Iran’s Allies Escalate in Yemen, Threatening International Shipping Routes

Last week, in response to attacks on an American naval vessel, the U.S destroyed three coastal radar installations used by Yemen’s Iran-backed Houthi militia. An earlier missile strike by the same militia was directed at ships of the United Arab Emirates (UAE), a member of the Saudi-led and U.S.-supported anti-Houthi coalition. Despite the U.S. response, the Houthis have continued to fire at American ships. Michael Segall explains the significance of this conflict:

The firing of guided shore-to-sea missiles at U.S. and UAE ships constitutes an escalation in the Yemeni conflict and could pose a threat to a key international sea lane in the Red Sea and the Gulf of Aden. The ability to fire guided missiles, along with their long-range (120 km), endangers not only the [Saudi-led] coalition’s freedom of action and ability to enforce the Arab embargo [on the Houthis], but also civilian vessels, including tankers that operate in the area.

Iran’s aid to the Houthi rebels has apparently increased. . . . Iran is [evidently now] prepared to provide tie-breaking weapons that could help the Houthis breach the naval blockade that Saudi Arabia and its coalition partners have imposed on Yemen. . . . It [also] appears . . . that, since the Houthis have held their own in the battles, the embargo is ineffective and Iran has [already] found other lanes for transferring weapons. . . .

For Iran, Yemen is a perfect venue for [testing its weaponry and tactics]. Iran is preparing for future engagement with the U.S. Navy in the Persian Gulf where [it] frequently provokes and sometimes humiliates American naval presence in the area. The Americans’ reaction to launching the missiles against its ships may change the dynamics. Playing the incident down will again play into Iranian propaganda and bolster Iran’s already overconfident and defiant stance.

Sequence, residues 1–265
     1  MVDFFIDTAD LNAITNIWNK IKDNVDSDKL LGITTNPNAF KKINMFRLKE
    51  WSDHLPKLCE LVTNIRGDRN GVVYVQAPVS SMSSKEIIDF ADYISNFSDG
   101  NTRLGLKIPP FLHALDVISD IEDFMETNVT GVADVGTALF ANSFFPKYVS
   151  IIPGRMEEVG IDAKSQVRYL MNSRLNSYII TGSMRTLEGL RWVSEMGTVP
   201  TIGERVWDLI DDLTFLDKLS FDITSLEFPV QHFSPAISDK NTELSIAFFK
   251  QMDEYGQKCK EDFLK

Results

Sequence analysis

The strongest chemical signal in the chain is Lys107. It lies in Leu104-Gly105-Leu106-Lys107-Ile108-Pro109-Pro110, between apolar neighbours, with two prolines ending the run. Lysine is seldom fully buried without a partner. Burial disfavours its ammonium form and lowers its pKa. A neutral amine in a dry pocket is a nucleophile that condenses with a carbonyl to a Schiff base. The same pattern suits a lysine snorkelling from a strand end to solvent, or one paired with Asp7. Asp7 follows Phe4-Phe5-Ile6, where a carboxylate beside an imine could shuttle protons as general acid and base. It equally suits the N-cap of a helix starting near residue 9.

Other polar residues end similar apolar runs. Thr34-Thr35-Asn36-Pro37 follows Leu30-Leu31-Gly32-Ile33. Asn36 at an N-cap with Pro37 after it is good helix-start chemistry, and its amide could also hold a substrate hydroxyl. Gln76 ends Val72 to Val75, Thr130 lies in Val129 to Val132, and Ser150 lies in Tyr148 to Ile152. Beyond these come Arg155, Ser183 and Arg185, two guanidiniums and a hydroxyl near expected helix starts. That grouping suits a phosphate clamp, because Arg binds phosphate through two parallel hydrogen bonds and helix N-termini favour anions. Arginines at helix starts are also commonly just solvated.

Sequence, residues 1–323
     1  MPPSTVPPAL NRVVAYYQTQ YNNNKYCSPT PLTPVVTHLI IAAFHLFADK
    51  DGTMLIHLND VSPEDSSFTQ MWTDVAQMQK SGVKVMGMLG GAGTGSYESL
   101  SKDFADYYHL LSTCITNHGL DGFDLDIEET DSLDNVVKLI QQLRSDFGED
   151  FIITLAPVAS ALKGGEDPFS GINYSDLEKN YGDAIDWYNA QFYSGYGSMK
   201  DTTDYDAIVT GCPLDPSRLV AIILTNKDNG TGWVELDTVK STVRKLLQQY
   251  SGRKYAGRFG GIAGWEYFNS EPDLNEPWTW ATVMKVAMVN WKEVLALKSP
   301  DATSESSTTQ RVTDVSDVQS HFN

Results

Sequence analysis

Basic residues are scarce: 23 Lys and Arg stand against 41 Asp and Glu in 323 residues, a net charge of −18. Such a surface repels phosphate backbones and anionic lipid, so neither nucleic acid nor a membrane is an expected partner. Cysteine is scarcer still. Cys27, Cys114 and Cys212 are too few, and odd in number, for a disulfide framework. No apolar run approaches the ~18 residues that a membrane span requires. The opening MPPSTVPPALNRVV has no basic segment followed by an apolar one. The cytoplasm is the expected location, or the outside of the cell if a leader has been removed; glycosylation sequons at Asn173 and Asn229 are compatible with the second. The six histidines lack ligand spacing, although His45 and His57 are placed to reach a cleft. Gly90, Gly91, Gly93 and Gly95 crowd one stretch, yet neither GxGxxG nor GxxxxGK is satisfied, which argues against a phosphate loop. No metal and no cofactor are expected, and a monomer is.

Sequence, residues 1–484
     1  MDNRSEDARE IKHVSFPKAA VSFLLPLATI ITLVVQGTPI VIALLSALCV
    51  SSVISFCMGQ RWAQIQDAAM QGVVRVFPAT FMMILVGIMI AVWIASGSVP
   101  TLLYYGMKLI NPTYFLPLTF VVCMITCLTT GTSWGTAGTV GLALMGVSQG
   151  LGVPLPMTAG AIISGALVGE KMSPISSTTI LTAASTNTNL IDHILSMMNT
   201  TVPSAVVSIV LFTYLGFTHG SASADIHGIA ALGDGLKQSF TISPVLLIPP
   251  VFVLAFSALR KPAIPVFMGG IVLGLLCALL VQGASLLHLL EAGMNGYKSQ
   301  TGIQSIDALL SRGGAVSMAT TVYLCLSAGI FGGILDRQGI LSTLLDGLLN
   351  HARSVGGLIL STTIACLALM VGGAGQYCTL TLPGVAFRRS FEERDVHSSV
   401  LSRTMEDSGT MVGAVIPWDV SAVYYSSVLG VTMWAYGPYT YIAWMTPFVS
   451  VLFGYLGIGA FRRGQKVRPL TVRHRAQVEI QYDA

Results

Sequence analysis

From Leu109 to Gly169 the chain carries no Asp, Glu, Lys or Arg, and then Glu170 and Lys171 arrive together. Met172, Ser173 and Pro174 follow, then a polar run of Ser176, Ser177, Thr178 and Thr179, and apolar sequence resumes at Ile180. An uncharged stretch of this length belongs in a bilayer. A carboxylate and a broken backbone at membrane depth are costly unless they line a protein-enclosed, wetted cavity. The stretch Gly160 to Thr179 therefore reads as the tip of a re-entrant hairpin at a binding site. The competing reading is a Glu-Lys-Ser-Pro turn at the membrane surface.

Read more at Jerusalem Center for Public Affairs

More about: Iran, Naval strategy, Red Sea, U.S. Security, United Arab Emirates, Yemen

Only Hamas’s Defeat Can Pave the Path to Peace

Opponents of the IDF’s campaign in Gaza often appeal to two related arguments: that Hamas is rooted in a set of ideas and thus cannot be defeated militarily, and that the destruction in Gaza only further radicalizes Palestinians, thus increasing the threat to Israel. Rejecting both lines of thinking, Ghaith al-Omar writes:

What makes Hamas and similar militant organizations effective is not their ideologies but their ability to act on them. For Hamas, the sustained capacity to use violence was key to helping it build political power. Back in the 1990s, Hamas’s popularity was at its lowest point, as most Palestinians believed that liberation could be achieved by peaceful and diplomatic means. Its use of violence derailed that concept, but it established Hamas as a political alternative.

Ever since, the use of force and violence has been an integral part of Hamas’s strategy. . . . Indeed, one lesson from October 7 is that while Hamas maintains its military and violent capabilities, it will remain capable of shaping the political reality. To be defeated, Hamas must be denied that. This can only be done through the use of force.

Any illusions that Palestinian and Israeli societies can now trust one another or even develop a level of coexistence anytime soon should be laid to rest. If it can ever be reached, such an outcome is at best a generational endeavor. . . . Hamas triggered war and still insists that it would do it all again given the chance, so it will be hard-pressed to garner a following from Palestinians in Gaza who suffered so horribly for its decision.

Read more at Washington Institute for Near East Policy

More about: Gaza War 2023, Hamas, Israeli-Palestinian Conflict